The widespread adoption of containers has changed the orthodoxy of IT–administrators do not need to run multiple virtual machines to create a barrier between applications or users, nor are programmers beholden to languages such as Java, which have their own strategy for process isolation and lifecycle management.

Leading the way in this change is Docker, an open-source utility that automates the deployment and management of programs inside software containers. Docker is also the center of the container ecosystem, with other solutions such as Kubernetes available for deploying containers through Docker in a computing cluster.

TechRepublic’s cheat sheet about Docker is a quick introduction to the software container platform. This “living” guide will be updated periodically as major version updates add functionality to Docker.

SEE: All of TechRepublic’s cheat sheets and smart person’s guides

Executive summary

  • What is Docker? Docker is an open-source utility that automates the deployment and management of programs inside software containers.
  • Why does Docker matter? Compared to virtual machines, running applications inside of Docker containers allows for easier system administration.
  • Who does Docker affect? Docker runs on Linux, Windows, and OS X hosts, and practically any application can be packaged for use inside a Docker container.
  • When is Docker happening? Docker was first released as an open source project in March 2013, reached version 1.0 in June 2014, and remains in active development.
  • How do I get Docker? Docker can be downloaded freely for Linux, Windows, and OS X hosts.

SEE: Cloud Computing Policy (Tech Pro Research)

What is Docker?

Docker is an open-source utility that automates the deployment and management of programs inside software containers. While Linux and Windows natively provide the bulk of functionality for software containers, Docker facilitates the bundling of dependencies and other necessary components into a distributable format. This containerized program can then be deployed on any arbitrary system running Docker. In effect, Docker allows programs to be run the same–independent of the platform on which a given program is run.

If this sounds familiar, the concept of software containers overlaps somewhat with older technologies. Virtual machines allow for fully independent operating systems to run as a guest on arbitrary hardware, but function identically to running on bare metal. Containers are sandboxed applications running inside the same operating system. Similarly, the write once, run anywhere paradigm of Java is a language-based approach, rather than an environment-based approach, to software portability. While the two compete in an abstract sense, it is possible to run a Java Application Server inside Docker.

For a more in-depth view of software containers and how they compare to other technologies, check out TechRepublic’s smart person’s guide to containers.

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Why does Docker matter?

The reasons why Docker matters depend on your point of view. As an open source project, it is easily portable and not subject to vendor lock-in or licensing as competing standards (and related technologies such as virtual machines) can be.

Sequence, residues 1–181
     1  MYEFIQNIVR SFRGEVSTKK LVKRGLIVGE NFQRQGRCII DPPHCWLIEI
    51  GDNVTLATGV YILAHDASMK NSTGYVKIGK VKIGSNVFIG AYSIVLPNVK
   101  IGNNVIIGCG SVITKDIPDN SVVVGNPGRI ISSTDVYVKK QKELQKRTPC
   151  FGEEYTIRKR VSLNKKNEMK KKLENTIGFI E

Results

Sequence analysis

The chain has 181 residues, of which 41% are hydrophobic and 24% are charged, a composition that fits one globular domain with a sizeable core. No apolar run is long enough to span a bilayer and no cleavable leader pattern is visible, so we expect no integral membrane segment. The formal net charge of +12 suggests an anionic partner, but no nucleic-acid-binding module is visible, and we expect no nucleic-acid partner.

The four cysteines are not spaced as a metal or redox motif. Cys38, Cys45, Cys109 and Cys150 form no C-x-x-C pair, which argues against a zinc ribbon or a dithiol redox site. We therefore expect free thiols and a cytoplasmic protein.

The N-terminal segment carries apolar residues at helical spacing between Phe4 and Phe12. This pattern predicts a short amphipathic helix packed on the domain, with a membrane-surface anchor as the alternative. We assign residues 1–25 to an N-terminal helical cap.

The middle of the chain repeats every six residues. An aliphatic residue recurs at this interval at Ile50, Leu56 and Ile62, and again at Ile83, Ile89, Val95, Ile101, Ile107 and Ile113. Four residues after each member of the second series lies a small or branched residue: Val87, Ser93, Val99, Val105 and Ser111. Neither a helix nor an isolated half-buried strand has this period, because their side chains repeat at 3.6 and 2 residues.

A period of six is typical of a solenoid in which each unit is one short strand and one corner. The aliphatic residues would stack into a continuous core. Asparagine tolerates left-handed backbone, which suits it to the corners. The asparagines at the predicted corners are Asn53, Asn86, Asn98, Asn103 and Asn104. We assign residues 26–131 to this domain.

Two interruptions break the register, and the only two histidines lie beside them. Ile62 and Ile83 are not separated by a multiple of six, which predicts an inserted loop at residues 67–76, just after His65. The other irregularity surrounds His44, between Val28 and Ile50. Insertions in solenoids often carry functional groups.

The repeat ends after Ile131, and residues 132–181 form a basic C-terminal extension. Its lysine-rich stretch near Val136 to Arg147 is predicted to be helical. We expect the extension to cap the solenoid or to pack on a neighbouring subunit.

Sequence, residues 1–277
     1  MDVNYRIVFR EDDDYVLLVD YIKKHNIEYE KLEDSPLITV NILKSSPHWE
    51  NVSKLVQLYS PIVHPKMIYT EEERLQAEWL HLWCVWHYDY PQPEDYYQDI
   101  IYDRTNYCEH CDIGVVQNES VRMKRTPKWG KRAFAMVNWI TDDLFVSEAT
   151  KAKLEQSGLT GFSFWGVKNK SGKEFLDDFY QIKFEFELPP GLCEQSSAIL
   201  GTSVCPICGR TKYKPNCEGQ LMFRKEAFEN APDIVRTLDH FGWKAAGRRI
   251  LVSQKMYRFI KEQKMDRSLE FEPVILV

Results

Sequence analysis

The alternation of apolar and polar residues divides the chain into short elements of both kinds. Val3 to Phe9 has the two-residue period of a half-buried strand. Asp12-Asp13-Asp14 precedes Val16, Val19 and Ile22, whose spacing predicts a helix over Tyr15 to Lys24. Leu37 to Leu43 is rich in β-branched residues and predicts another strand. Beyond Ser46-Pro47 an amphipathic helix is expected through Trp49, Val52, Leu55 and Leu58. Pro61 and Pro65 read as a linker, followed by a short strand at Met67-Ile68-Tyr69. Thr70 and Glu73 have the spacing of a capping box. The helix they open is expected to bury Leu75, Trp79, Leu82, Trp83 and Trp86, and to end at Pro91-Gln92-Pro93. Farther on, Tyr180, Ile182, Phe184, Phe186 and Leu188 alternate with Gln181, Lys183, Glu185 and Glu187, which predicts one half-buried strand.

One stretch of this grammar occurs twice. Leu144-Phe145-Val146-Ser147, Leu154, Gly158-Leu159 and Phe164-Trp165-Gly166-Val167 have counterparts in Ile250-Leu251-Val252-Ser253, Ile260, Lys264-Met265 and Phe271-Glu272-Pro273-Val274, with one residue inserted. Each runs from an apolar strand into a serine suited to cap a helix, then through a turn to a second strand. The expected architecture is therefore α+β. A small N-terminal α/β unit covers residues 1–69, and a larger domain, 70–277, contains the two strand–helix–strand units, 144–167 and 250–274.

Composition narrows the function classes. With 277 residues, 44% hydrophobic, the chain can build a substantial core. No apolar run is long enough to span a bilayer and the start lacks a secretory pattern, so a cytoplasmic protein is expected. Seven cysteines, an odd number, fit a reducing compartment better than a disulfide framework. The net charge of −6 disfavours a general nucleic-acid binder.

In a more general sense, Docker requires a somewhat lower learning curve than virtual machines, and is capable of running on any Linux distribution or on Windows. (The primary competitor for software containers is called rkt; it’s an open standard, though presently rkt is functionally exclusive to Container Linux by CoreOS.) Deploying applications in Docker containers rather than inside virtual machines allows for easier administration of systems, as maintenance and patching need only be done on the Docker host, rather than the host system and guest machines. Not running multiple Linux instances in parallel also reduces system overhead. Naturally, by running applications inside containers, administrators can be certain that the processes inside those containers are not interfering with the host system or other containers.

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Who does Docker affect?

Practically anyone can use Docker. Given the premise of Docker allowing applications to be run on any arbitrary system, Docker is available on various Linux distributions, as well as Windows and OS X. Popular cloud providers such as Amazon Web Services, Google Cloud Platform, and Microsoft Azure provide container hosting as well.

Docker is also the center of its own ecosystem, as other tools have been developed for use in conjunction with Docker, such as Kubernetes, which allows for the deployment of software containers inside a computing cluster.

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When is Docker happening?

Docker was developed as an internal project at dotCloud, and first released as an open source project in March 2013. The 0.9 release introduced the Docker-specific libcontainer library as the default execution environment. Docker reached the 1.0 release milestone on June 9, 2014. According to the release announcement, the 15-month journey from initial release to 1.0 comprised of “8,741 commits from more than 460 contributors [and] 2.75 million downloads.”

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How do I get Docker?

Docker is available for Linux, Windows, or OS X hosts, and can be downloaded freely from the Docker website. The Docker Store provides prepackaged apps such as NGINX, WordPress, Ghost, Drupal, Clojure, and among others for easy deployment. (Despite the name, many of the available apps are free.)

Docker support is also included in other solutions, such as IBM Bluemix, VMware vSphere, and HPE Helion Stackato.

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